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Djokovic, deported from Australia, arrives home in Serbia as Australian Open begins

Novak Djokovic arrived in his home country of Serbia Monday after his deportation from Australia over its required COVID-19 vaccination ended the world's top-ranked men's tennis player's hopes of defending his Australian Open title.

An Emirates plane carrying him from Australia landed in Dubai early Monday, and Djokovic was later seen on board a plane that landed in the Serbian capital of Belgrade.

His lawyers had argued in an Australian court on Sunday that he should be allowed to stay in the country and compete in the tournament under a medical exemption due to a coronavirus infection last month.

APTOPIX Australian Open Djokovic
Novak Djokovic prepares to take his seat on a plane to Belgrade, in Dubai, United Arab Emirates, on January 17, 2022. Djokovic was deported from Australia on Sunday after losing a bid to stay in the country to defend his Australian Open title despite not being vaccinated against COVID-19. Darko Bandic / AP

Djokovic has won nine Australian Open titles, including three in a row, and a total of 20 Grand Slam singles trophies, tied with rivals Rafael Nadal and Roger Federer for the most in the history of men's tennis. Federer isn't playing while recovering from right knee surgery, and Nadal is the only former Australian Open men's champion in the tournament that began Monday.

Nadal began his bid to break the record with a 6-1, 6-4, 6-2 opening round win over American Marcos Giron Monday.

"Growing up, I've looked up to him," said Giron. "He's one the absolute legends of the game."

Djokovic has overwhelming support in his native Serbia, where his closest family lives. Serbian President Aleksandar Vucic has accused the Australian government of "harassing" the top-ranked tennis star and urged him to return home, where he would be welcomed.

Djokovic had tested positive with coronavirus in Belgrade on Dec. 16, which he used as an argument to enter Australia, but his visa was initially canceled on Jan. 6 by a border official who decided he didn't qualify for a medical exemption from Australia's rules for unvaccinated visitors.

Australian Open
A fan gestures in front of a picture of Novak Djokovic on the first day of the Australian Open at Melbourne Park on January 17, 2022. JAMES GOURLEY / REUTERS

He won an appeal to stay for the tournament, but Australia's immigration minister later revoked his visa. Three Federal Court judges decided unanimously Sunday to affirm the immigration minister's right to cancel Djokovic's visa.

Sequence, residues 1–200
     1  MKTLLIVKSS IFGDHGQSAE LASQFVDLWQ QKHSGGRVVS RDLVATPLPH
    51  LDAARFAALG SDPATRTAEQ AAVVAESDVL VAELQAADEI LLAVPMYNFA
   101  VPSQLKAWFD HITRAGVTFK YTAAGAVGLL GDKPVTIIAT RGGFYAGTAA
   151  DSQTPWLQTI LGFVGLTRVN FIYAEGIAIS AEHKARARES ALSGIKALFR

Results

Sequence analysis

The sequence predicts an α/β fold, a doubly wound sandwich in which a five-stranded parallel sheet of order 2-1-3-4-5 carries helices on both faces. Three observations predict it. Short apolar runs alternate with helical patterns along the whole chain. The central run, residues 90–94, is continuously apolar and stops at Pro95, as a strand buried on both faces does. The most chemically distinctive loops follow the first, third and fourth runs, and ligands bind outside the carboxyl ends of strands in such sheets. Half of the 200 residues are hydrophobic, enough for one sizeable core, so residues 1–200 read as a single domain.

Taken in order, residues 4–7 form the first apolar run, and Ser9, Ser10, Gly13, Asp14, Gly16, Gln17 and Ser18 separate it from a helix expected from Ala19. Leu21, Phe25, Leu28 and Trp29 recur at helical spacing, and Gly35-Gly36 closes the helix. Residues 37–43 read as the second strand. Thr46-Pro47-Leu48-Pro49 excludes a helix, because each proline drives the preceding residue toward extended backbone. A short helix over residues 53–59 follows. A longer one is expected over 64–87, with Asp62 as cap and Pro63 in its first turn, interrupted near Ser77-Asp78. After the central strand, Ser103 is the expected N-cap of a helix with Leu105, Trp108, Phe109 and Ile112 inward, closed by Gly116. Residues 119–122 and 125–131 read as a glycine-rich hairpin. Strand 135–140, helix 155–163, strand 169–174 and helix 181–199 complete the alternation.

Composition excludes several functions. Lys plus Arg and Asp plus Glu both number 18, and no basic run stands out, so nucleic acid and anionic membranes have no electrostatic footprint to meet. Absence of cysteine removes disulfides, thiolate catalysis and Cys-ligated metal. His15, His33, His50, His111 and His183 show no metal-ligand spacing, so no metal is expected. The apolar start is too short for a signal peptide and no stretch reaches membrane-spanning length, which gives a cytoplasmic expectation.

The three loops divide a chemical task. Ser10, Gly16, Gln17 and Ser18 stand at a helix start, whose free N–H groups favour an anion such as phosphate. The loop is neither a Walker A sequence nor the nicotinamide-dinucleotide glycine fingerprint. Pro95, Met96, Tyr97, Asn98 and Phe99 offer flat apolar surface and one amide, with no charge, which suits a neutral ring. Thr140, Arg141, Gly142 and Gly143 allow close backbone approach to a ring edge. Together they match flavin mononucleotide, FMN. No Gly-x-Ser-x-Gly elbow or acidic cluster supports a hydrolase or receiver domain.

Vaccination amid the pandemic is a requirement for anyone at the Australian Open, whether players, their coaches or anyone at the tournament site. More than 95% of all Top 100 men and women in their tours' respective rankings are vaccinated. At least two men - American Tennys Sandgren and Frenchman Pierre-Hugues Herbert - skipped the first major tournament of the year due to the vaccine requirement.

Djokovic's attempt to get the medical exemption for not being vaccinated sparked anger in Australia, where strict lockdowns in cities and curbs on international travel have been employed to try to control the spread of the coronavirus since the pandemic began.

Djokovic tested positive in Belgrade on Dec. 16, but received the result late Dec. 17, he said, and scrapped all his commitments except a long-standing interview with L'Equipe newspaper the following day. He later described this "an error" of judgment.

Asked if Djokovic would face any penalties for flouting his isolation while being infected when he returns to Serbia, Serbian officials said he wouldn't, because the country isn't in a state of emergency.

Djokovic has almost an iconic status in Serbia, whose President Aleksandar Vucic said the court hearing in Australia was "a farce with a lot of lies."

"They think that they humiliated Djokovic with this 10-day harassment, and they actually humiliated themselves. If you said that the one who was not vaccinated has no right to enter, Novak would not come or would be vaccinated," Vucic told reporters.

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